Injection treatments are increasingly used as treatment for PT. Van Ark et al. [9] described different injection treatments: platelet-rich plasma (PRP), sclerosing polidocanol, steroids and aprotinin. All the different injection treatments seem promising for treating PT. Unlike the other injection treatments, steroid treatment often showed a relapse of symptoms in the long term. These results, however, should be interpreted with caution, as the number of studies is low, few high-quality studies have been conducted and the studies are hard to compare due to different methodology.

Ultrasound-guided injection of autologous skin-derived tendon-like cells has been show to be more effective than plasma alone for the treatment of refractory PT [10].

Pascual-Garrido et al. [11] tried to determine if patients with chronic PT will improve clinically after the inoculation of bone marrow mononuclear cells (BM-MNCs). Eight patients with chronic PT were included. Patients averaged 24 years old (range 14–35 years). All patients were refractory to conservative treatment for at least 6 months before the procedure. BM-MNCs were harvested from the iliac bone crest and inoculated under ultrasound guide in the patellar tendon lesion. Improvement was assessed through established clinical scores and ultrasound. At 5-year follow-up, seven of eight patients said they would have the procedure again if they had the same problem in the opposite knee and were completely satisfied with the procedure. Seven of eight patients thought that the results of the procedure were excellent. According to these results, inoculation of BM-MNCs could be considered as a potential therapy for those patients with chronic PT refractory to nonoperative treatments.

Open surgical treatment

Ferreti et al. [12] analyzed the results at a minimum of 5 years after the performance of a surgical technique in competitive athletes. Thirty-two patients (thirty-eight knees) affected by PT were treated surgically after failure of nonoperative treatment. All knees were operated on by the same surgeon using the same surgical technique: longitudinal splitting of the tendon, excision of any abnormal tissue that was identified, and resection and drilling of the inferior pole of the patella. The result was excellent in twenty-three knees (70 %), good in five, fair in one, and poor in four at the time of the long-term follow-up. Eighty-two percent of the patients who tried to pursue sports at their preinjury level were able to do so, and 63 % of those knees were totally symptom-free. The outcome of the reported surgical treatment appeared to be satisfactory; however, the results were less predictable in volleyball players.

Kaeding et al. [4] found a 71 % success rate when open surgical treatment of the inferior pole of the patella was performed, compared to 92 % when no patella bony work was carried out. Closure of the paratenon showed a 85 % success rate compared to 91.5 % when no paratenon closure was performed. Immobilization showed a 82.5 % success rate compared to 95 % success when no postoperative immobilization was used.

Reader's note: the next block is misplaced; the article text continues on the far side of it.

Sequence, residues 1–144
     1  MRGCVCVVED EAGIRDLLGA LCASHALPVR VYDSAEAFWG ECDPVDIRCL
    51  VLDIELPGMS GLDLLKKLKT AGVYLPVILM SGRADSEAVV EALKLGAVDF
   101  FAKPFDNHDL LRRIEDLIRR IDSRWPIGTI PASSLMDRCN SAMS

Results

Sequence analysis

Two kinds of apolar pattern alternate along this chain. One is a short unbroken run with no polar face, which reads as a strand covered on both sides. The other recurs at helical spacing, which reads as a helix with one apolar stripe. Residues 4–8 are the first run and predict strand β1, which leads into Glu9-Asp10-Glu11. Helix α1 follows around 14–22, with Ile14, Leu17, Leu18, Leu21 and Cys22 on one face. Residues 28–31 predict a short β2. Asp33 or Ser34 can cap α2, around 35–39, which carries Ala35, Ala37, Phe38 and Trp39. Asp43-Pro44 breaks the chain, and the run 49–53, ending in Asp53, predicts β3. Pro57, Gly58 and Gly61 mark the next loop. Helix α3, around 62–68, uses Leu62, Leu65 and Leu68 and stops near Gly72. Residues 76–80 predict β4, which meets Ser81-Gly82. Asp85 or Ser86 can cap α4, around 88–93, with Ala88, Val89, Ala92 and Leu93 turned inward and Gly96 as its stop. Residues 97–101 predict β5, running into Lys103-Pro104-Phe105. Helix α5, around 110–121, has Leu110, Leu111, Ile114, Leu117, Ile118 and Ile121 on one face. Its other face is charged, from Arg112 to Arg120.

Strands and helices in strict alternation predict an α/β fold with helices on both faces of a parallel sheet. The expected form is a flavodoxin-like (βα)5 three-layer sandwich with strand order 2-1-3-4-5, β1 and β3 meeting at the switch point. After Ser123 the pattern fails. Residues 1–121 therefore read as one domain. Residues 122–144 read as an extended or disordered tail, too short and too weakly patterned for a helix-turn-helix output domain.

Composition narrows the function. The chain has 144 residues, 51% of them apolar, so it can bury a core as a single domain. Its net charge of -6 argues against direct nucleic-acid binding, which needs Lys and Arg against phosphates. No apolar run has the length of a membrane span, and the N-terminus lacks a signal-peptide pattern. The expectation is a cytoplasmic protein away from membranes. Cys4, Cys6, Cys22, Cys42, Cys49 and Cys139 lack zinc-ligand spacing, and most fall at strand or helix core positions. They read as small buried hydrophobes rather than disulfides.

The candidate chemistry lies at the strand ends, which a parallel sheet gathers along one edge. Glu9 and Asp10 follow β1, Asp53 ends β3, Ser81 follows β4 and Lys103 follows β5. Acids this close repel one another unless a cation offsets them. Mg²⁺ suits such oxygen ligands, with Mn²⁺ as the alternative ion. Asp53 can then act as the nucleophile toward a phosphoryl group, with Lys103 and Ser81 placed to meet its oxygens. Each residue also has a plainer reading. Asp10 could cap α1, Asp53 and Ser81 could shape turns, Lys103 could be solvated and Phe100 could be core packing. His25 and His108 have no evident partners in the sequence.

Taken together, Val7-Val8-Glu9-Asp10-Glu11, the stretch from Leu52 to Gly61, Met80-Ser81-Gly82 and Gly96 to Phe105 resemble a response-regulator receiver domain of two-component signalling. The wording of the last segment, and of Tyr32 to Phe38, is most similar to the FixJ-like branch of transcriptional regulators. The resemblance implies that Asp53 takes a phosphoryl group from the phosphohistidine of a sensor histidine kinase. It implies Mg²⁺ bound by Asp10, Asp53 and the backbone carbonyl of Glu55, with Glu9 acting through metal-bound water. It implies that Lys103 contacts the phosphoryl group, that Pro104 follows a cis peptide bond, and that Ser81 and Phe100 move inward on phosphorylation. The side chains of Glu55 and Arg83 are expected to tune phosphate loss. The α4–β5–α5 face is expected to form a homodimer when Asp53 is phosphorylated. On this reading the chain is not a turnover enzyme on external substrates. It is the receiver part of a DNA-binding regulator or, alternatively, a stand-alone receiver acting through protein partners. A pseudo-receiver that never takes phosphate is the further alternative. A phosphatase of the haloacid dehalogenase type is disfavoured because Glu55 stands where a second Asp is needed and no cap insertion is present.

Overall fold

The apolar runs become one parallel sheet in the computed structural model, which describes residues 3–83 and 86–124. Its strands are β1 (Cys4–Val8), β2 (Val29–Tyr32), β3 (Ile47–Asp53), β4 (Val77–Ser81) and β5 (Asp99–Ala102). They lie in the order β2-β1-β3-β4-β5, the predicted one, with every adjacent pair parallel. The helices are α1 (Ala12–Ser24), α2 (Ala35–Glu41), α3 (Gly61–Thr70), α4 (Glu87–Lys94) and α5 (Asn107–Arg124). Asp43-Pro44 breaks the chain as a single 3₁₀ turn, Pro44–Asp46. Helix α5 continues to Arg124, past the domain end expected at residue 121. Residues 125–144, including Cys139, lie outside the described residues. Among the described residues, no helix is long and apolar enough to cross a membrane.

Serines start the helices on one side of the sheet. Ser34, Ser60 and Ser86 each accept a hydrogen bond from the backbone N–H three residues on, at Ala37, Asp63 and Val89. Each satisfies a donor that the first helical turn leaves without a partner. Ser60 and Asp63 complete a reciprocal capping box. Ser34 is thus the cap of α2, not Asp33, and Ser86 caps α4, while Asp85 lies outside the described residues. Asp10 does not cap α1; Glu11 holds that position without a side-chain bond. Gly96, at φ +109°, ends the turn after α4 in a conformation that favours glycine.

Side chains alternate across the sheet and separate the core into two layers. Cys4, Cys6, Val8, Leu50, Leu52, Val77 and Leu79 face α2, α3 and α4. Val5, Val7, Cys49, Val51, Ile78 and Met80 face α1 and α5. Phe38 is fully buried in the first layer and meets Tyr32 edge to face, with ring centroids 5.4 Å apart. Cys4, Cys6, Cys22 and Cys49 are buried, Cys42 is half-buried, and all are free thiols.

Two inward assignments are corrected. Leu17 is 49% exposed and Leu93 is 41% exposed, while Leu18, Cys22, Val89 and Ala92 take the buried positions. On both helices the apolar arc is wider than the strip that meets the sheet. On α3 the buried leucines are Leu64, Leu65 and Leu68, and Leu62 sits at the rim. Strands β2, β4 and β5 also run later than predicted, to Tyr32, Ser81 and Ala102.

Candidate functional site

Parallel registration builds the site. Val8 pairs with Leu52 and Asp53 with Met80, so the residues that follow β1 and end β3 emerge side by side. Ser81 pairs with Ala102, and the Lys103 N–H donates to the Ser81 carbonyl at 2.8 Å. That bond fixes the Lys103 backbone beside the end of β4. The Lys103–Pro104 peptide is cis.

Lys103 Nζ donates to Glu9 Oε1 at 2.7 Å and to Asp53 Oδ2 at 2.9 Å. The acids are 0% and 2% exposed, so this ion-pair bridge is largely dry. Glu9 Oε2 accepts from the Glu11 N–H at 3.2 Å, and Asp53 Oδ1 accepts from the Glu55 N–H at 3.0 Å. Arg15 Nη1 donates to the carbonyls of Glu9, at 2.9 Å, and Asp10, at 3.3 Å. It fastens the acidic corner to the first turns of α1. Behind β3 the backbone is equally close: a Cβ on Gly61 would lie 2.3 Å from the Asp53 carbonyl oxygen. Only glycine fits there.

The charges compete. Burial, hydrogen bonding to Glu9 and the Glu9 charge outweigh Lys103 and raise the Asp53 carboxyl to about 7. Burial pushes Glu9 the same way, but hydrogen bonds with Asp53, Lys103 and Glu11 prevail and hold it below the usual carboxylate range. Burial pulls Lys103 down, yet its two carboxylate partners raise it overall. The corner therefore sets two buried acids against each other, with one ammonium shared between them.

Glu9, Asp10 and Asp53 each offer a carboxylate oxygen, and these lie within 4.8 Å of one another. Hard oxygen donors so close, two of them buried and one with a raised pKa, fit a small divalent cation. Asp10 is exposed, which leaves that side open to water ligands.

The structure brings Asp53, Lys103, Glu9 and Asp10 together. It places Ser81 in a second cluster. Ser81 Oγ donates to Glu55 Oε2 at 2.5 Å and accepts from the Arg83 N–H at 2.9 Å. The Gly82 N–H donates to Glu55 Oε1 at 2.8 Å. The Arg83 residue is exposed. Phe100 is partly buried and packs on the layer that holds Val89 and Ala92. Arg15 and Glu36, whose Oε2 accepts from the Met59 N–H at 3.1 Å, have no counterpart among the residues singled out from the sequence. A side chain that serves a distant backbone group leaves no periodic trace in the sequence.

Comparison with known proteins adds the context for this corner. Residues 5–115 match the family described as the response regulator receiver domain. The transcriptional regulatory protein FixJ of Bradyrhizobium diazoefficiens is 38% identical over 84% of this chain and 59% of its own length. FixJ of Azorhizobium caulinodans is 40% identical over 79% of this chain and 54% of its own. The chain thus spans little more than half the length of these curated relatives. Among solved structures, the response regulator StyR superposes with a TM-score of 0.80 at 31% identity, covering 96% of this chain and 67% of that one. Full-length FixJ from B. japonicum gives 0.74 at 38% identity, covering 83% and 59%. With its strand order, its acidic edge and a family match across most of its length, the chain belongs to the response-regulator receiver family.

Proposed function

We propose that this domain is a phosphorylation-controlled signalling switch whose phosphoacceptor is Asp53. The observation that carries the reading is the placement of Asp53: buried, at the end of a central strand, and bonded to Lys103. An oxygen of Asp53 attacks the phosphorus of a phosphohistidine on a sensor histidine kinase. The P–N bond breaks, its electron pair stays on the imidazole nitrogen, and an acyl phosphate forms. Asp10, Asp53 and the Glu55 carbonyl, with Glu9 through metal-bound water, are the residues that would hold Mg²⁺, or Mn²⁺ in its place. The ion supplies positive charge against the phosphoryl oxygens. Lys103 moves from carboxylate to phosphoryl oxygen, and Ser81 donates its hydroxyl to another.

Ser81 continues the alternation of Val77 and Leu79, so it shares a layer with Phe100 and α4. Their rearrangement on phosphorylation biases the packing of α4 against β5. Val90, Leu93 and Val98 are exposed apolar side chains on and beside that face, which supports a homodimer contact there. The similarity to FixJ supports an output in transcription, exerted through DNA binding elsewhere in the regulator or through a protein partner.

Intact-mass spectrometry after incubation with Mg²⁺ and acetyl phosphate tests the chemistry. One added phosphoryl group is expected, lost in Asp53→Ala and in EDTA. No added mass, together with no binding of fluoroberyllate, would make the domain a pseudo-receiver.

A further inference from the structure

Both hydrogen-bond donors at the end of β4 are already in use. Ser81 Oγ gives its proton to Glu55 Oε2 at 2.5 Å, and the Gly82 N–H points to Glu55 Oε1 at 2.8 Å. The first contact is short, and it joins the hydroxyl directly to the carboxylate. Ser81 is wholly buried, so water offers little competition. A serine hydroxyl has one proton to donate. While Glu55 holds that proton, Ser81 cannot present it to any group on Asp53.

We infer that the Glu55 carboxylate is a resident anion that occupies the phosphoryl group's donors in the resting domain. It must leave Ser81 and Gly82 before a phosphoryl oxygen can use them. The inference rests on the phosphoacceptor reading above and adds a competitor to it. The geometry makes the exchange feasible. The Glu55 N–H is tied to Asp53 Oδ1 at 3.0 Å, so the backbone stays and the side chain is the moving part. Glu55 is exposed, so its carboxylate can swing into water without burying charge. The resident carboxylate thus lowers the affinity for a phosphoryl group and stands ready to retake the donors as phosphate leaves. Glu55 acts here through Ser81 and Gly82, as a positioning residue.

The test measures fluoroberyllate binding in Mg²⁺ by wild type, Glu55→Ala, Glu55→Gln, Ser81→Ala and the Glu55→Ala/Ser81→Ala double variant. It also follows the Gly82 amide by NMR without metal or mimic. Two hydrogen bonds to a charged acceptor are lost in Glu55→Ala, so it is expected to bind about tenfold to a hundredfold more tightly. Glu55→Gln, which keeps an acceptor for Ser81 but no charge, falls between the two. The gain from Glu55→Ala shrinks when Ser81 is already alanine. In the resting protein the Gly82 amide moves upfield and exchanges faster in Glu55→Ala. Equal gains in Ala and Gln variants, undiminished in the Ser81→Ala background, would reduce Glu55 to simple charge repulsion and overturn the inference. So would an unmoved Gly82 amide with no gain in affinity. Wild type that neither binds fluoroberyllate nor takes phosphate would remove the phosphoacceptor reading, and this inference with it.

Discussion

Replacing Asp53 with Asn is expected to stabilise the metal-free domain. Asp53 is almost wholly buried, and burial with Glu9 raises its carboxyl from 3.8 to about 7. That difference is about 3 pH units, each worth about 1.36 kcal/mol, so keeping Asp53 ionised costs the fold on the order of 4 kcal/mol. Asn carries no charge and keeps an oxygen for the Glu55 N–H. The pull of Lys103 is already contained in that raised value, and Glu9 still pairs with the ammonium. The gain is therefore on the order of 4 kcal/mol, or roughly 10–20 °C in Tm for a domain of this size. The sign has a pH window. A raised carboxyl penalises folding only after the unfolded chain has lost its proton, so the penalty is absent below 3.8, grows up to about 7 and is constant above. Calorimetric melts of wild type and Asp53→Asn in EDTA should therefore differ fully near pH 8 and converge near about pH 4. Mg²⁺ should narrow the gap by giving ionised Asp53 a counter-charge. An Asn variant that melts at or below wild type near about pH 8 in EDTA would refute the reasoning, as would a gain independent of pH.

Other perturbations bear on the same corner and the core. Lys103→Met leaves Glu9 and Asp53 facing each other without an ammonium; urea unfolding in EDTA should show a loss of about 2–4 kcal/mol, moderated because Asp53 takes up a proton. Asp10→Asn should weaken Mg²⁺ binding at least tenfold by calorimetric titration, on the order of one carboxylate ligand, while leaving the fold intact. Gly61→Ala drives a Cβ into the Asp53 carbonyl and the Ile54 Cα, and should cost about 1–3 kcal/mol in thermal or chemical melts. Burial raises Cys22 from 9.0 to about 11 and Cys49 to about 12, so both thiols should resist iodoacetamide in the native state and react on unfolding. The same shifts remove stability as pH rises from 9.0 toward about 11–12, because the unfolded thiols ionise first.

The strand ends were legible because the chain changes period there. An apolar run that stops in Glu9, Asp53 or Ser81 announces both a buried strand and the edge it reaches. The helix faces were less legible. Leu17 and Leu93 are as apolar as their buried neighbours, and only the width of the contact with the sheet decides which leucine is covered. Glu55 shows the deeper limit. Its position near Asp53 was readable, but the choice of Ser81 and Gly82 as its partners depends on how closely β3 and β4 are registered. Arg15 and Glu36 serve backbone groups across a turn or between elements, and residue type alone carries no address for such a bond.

Shelbourne et al. [13] reported that surgical removal of necrotic tissue, surgical stimulation of remaining tendon, and aggressive rehabilitation after patellar tendonectomy could allow athletes to return to sports. Overall, tendonectomy, surgical tendon stimulation, and aggressive postoperative rehabilitation were found to be a safe, effective way to return high-level athletes to their sports.

Arthroscopic treatment

Fifteen patients with PT were treated by Wilberg et al. [14]. All patients were treated with arthroscopic shaving of the dorsal side of the proximal tendon. The short-term results of this study indicated that arthroscopic shaving targeting the area with neovessels and nerves on the dorsal side of the patellar tendon has a potential to reduce the tendon pain and allow for the majority of patients to go back to full tendon loading activity within 2 months after surgery.

Ogon et al. [15] described an arthroscopic technique for the treatment of chronic PT. Diagnostic arthroscopy was performed and hypertrophic synovitis around the inferior patellar pole was removed with a bipolar cautery system. Two outside-in cannulas marked the clinically symptomatic region, mainly found between the tendon insertion site and the lateral aspects of the patellar tendon. The bipolar cautery was used for a release of the paratenon and a bone denervation at the inferior patellar pole including the tendon insertion site within the marked area. No tendon or bone material was removed or excised throughout the procedure. The minimal surgical impact to the tendon allowed early and functional rehabilitation. The technique was effective, easy to perform, and safe to apply.

Kelly examined the results of arthroscopic tendon debridement with excision of the distal pole of the patella for refractory PT [16]. He concluded that arthroscopic excision of the distal patellar pole with tendon debridement holds promise for the treatment of refractory PT.

Lorbach et al. [17] performed a prospective study to evaluate the clinical results of arthroscopic resection of the lower patellar pole in patients with PT. The main conclusion was that arthroscopic resection of the lower patellar pole as a minimal invasive method to treat PT provides satisfactory clinical results in knee function and pain reduction with fast recovery and return to sport activities.